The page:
Quantcast
Home / Featured News / Regulators take utility disconnection rules under consideration

Regulators take utility disconnection rules under consideration

trust land sunset cactus saguaro

State utility regulators are trying to determine how hot is too hot – and least when it comes when blocking electric companies from shutting off the power to customers.

A draft plan reviewed by the Arizona Corporation Commission on Monday would keep utilities from pulling the plug only if the forecast predicted that temperatures in the next five days would rise about 105 degrees.

What’s notable is that the original proposal set the bar at just 95 degrees.

But Elijah Abinah, the commission’s utilities director, cited documents from Tucson Electric Power and  its sister company, UNS Energy, which showed that using the lower number effectively would preclude disconnects from April into October. And Abinah also said that the 105-degree threshold is what is used in Nevada, the only other state in the area which has such a hard-and-fast rule.

That change drew derision from John Coffman, an attorney speaking on behalf of AARP. He said a broader look across the nation finds that the majority of states that preclude shutoffs based on heat use 95 degrees as the test.

“I understand Arizona is a very hot state,” he said.

“And that might mean more days (where shutoffs are prohibited) than in other states,” Coffman continued. “But that doesn’t negate the physiological danger to public health.”

Coffman said there’s also the fact that the people most likely to be in danger are seniors who may be particularly vulnerable to heat.

Arizona Corporation Commissioner Boyd Dunn speaks with Arizona Power Supply chairman Don Brandt, Wednesday, Sept. 4, 2019, in Phoenix. (AP Photo/Matt York)

Arizona Corporation Commissioner Boyd Dunn 

Commissioner Boyd Dunn said using 95 might be unrealistic in Arizona.

He said 105 might be considered excessive heat in June, when the thermometer rises quickly.

“By August, 105 is a cool spell,” Dunn said.

Using 95 as the point to bar shutoffs drew concern from Diane Brown, executive director of the Arizona Public Interest Research Group. She feared that would result in putting five months of the year off limits to disconnections, a period that “could grow longer with some of the changes that we’re seeing in our climate.”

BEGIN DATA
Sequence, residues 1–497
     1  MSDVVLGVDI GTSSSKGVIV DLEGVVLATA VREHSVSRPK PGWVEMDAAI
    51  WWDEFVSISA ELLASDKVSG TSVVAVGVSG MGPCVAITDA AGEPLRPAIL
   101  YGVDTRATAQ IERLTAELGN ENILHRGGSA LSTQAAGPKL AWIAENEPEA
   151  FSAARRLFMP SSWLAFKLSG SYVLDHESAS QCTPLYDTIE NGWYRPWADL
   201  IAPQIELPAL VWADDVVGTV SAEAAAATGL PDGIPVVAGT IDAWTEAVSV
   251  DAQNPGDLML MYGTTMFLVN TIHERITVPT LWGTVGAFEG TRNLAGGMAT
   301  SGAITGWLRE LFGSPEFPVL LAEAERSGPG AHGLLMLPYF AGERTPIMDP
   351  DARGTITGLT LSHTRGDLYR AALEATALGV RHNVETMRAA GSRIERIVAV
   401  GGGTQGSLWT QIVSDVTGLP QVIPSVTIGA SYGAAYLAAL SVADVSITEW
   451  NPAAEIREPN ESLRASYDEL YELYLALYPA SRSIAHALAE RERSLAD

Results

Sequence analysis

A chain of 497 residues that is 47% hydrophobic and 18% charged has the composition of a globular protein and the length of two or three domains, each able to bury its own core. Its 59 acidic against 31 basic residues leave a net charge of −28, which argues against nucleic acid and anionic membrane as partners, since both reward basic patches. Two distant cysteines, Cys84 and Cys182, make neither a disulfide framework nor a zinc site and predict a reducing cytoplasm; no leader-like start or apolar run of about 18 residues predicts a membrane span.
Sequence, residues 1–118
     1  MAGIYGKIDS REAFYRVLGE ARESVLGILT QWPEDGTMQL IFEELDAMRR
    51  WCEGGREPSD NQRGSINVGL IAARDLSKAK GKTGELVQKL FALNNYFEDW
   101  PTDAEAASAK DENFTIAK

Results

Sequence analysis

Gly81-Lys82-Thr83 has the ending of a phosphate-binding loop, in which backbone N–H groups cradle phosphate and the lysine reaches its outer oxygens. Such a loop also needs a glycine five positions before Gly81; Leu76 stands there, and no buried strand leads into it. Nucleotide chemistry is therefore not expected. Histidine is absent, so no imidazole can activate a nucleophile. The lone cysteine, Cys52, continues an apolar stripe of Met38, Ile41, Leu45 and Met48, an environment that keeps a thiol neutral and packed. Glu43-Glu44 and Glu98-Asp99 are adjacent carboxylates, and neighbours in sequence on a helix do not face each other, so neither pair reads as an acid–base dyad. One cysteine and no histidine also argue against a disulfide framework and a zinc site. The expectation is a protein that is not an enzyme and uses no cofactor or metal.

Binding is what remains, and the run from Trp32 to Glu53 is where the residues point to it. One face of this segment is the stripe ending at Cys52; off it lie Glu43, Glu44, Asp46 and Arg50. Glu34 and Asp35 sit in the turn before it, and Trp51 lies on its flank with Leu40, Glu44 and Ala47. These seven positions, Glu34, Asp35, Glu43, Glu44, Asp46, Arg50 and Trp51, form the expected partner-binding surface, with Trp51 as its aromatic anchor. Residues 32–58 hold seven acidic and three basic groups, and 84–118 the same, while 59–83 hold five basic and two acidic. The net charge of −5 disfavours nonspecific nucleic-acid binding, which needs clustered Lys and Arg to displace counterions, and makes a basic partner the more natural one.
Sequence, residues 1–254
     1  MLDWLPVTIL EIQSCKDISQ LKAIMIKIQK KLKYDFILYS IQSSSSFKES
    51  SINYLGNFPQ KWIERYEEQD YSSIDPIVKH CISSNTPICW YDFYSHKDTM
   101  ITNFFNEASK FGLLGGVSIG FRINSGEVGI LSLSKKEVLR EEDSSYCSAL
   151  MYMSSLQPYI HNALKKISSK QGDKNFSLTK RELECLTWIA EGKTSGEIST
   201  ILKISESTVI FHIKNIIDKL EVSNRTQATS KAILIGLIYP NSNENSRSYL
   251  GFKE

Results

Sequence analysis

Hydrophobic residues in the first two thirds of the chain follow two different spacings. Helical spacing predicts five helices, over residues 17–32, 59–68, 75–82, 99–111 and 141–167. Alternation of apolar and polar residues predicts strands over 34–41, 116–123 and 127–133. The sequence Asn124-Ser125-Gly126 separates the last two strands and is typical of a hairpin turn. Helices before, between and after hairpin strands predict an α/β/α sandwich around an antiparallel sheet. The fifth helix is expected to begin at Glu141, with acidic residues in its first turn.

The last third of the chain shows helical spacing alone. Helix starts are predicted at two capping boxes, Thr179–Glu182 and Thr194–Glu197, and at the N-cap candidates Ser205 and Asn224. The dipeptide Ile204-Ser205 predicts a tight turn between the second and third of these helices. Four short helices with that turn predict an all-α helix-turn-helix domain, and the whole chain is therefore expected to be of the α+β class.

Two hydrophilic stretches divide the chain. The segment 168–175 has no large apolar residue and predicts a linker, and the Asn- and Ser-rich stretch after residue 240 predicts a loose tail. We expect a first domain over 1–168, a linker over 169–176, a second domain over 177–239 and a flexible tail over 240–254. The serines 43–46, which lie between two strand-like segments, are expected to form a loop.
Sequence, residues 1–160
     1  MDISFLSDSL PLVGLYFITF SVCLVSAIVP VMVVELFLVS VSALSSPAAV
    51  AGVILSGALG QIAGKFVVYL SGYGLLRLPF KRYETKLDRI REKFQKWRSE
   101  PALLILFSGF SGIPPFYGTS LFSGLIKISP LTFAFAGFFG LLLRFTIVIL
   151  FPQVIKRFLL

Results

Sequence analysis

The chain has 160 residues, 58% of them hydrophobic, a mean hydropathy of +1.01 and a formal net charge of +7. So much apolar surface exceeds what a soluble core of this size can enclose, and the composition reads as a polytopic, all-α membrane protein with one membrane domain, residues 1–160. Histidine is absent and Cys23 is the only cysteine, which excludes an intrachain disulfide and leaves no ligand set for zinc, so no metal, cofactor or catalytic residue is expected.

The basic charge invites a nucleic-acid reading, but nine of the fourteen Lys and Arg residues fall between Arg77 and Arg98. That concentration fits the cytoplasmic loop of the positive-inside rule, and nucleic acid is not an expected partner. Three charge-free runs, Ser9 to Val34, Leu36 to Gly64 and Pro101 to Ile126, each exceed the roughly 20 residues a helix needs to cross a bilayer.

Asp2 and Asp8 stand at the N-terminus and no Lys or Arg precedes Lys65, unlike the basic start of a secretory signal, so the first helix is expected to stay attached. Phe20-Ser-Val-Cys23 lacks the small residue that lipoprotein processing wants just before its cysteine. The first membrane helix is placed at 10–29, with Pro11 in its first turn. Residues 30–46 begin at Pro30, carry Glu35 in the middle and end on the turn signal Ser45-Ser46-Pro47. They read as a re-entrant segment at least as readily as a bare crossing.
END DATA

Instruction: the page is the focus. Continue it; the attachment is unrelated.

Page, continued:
And Brown said that barring utilities from shutting off power to some customers for that long a period of time might not be in the best long-term interest of all utility customers.

“I don’t know of any other business that just allows customers to not pay for that period of time,” she said.

The problem, said Brown, is that utilities are going to have to make up the temporarily lost revenues somewhere else.

She pointed to the fact that the commission imposed a temporary emergency moratorium on disconnections earlier this year in the wake of the death of a Sun City West woman who died of heat-related injuries after Arizona Public Service cut her power when the outside temperature was 107 degrees. The woman, Stephanie Pullman, had paid only $125 of her $176 bill.

Since that moratorium was put in place, Brown said, APS is now owed $30 million. She said that if people believe they don’t have to pay their bills for five months of the year then more people will take advantage of that window, leaving it to the remaining customers to make up the difference.

Stephanie Pullman

Stephanie Pullman

That goes to another question for commissioners: If customers can avoid paying bills during hot months, how much time should they have to repay.

The current emergency rule says customers must arrange to repay any unpaid balance over four months after the moratorium on cutting them off ends.

“That really is setting someone up for failure,” Coffman said.

“If someone has a $300 bill and they don’t pay for three months, it’s going to be almost $1,000” by the end of the bill moratorium, he said.

“And if they can’t pay that $300 bill one month, how are they going to pay $600 over the next three months?” Coffman said. “You’re just setting someone up to fail.”